Researchers found that infectious keratitis is a relatively common adverse event following ocular surface stem cell transplantation (OSST), even in successful cases, and aggressive medical/surgical therapy may be necessary.

A retrospective study evaluated 278 eyes that underwent OSST and assessed demographics, risk factors, courses, microbiological characteristics and outcomes. Of the participants, 33% had an epithelial defect, 69% required a bandage contact lens, 91% were on systemic immunosuppression and 25% had undergone ocular surgery within the last three months.

The team discovered that 52 eyes of 48 patients developed a combined 75 episodes of infectious keratitis: 44 bacterial keratitis, 24 fungal and seven herpes simplex virus. They note that gram-positive bacteria (79%) and Candida species (73%) were the most common bacterial and fungal pathogens. They add that the most common limbal stem cell deficiency etiologies included chemical/thermal (27 episodes), Stevens-Johnson syndrome (19), aniridia (8) and mucous membrane pemphigoid (8). While 75% of episodes resolved with antimicrobial treatment, 25% required a therapeutic keratoplasty.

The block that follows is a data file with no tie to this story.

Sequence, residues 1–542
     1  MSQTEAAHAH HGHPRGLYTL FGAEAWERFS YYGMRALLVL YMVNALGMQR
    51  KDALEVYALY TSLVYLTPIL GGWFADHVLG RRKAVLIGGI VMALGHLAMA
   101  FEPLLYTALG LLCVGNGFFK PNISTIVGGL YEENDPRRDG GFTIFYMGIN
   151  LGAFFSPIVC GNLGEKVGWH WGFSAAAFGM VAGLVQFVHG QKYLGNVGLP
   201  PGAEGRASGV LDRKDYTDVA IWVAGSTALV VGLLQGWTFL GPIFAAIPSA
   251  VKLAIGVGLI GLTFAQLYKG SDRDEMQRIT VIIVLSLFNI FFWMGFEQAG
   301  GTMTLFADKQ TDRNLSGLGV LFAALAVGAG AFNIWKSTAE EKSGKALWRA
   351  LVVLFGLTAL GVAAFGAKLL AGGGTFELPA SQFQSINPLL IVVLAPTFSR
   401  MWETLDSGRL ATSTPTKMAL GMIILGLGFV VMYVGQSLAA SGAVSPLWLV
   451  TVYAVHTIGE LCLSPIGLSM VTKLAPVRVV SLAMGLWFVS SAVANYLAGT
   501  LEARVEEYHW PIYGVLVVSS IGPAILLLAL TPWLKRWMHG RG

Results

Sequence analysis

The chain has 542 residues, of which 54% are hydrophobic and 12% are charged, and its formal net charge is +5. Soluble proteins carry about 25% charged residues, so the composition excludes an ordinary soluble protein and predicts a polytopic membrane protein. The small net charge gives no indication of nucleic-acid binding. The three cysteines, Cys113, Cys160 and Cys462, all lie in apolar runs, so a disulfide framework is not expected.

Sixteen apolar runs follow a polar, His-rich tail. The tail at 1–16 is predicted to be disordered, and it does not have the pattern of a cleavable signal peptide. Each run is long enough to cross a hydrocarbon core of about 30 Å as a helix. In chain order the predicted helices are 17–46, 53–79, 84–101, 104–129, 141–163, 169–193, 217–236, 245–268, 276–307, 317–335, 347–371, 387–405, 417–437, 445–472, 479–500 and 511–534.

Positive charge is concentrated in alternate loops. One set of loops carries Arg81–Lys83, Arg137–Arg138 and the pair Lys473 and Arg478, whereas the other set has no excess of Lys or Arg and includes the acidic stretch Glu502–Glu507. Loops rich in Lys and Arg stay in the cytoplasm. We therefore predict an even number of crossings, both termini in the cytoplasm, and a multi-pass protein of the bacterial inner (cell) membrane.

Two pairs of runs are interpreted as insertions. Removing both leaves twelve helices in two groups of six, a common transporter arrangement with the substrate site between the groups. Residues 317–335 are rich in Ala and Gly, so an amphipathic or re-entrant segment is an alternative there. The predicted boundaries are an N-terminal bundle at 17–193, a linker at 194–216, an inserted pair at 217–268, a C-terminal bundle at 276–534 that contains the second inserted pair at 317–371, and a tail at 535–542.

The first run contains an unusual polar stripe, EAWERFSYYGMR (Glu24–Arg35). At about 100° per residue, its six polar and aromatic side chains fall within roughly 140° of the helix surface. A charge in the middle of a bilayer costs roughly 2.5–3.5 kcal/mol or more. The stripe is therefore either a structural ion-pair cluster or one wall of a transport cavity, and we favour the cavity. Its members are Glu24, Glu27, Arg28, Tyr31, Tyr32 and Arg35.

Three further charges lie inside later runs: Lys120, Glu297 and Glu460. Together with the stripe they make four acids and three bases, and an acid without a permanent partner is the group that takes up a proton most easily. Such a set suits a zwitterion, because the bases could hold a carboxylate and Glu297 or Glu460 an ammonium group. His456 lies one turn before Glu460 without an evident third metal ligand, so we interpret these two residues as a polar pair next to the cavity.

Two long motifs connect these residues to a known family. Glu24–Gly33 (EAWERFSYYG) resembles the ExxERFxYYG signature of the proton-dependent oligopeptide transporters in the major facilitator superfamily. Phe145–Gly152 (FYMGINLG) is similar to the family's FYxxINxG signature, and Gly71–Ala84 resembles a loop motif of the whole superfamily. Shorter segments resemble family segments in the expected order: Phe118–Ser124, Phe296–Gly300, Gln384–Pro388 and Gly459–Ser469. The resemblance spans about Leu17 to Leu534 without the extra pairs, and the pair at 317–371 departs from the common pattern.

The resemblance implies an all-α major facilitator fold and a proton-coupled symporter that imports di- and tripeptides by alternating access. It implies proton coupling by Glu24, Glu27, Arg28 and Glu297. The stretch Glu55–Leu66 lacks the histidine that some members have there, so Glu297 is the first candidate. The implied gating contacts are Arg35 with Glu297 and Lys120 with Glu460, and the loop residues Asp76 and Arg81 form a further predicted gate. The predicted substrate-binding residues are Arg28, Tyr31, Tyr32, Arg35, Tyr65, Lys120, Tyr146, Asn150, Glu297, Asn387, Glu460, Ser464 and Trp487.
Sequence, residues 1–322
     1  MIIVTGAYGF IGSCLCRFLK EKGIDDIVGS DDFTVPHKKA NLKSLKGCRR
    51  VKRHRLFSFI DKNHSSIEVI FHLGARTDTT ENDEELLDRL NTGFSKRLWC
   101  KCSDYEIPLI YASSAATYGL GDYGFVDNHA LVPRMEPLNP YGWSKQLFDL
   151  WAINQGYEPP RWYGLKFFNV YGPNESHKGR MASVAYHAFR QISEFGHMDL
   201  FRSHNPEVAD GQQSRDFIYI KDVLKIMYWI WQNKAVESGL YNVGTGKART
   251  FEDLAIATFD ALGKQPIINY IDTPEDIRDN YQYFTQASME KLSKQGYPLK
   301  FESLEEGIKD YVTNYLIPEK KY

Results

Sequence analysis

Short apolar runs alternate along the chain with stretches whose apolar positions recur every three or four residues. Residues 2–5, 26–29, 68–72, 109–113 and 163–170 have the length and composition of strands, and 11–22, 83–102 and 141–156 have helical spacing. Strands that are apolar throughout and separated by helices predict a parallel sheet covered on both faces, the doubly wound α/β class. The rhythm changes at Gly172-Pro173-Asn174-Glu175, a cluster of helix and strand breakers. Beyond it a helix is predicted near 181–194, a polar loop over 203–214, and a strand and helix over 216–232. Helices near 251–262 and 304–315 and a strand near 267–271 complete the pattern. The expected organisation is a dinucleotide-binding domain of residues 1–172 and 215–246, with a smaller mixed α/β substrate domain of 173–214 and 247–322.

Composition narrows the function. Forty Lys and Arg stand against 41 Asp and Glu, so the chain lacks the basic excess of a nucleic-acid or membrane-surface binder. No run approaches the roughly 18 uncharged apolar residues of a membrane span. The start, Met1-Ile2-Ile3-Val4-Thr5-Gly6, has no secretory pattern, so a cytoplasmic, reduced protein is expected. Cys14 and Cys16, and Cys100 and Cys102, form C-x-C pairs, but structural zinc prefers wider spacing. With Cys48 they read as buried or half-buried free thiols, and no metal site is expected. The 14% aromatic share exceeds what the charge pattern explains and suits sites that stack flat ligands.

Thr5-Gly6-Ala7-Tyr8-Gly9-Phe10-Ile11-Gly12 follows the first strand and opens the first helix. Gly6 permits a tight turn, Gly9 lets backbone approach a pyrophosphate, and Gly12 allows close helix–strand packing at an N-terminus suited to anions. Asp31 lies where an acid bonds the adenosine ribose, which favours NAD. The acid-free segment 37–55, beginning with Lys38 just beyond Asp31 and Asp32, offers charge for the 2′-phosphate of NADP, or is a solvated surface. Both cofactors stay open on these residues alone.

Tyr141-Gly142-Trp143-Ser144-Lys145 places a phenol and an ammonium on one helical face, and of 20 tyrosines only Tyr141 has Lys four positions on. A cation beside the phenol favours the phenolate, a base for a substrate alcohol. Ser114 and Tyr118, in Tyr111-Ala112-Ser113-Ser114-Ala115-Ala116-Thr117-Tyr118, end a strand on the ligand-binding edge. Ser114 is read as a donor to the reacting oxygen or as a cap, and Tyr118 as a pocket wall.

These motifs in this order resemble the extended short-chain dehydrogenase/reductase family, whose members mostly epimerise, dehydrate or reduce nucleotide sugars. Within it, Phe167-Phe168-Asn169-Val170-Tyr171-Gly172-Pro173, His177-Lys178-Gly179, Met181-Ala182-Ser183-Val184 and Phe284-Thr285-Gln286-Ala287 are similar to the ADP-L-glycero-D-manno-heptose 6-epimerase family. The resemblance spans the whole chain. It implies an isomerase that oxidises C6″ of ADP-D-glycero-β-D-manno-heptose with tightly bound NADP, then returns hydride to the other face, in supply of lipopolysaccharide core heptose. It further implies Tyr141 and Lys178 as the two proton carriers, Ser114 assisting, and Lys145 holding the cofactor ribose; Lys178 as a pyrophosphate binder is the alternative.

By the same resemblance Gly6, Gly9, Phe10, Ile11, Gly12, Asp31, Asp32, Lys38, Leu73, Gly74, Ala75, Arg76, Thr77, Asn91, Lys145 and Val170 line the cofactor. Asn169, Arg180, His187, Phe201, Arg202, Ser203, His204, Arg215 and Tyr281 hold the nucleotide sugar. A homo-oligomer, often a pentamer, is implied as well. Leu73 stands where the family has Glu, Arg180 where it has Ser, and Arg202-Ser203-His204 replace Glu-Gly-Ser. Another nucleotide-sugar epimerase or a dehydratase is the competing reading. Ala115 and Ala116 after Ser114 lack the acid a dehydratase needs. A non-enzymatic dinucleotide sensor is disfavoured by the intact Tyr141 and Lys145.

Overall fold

The study concludes, “prophylactic topical antibiotics and a cicatrizing conjunctivitis diagnosis may account for the high proportion of fungal keratitis in this population.”

Cheung AY, Sarnicola E, Eslani M, et al. Infectious keratitis after ocular surface stem cell transplantation. Cornea. July 10, 2018. [Epub ahead of print].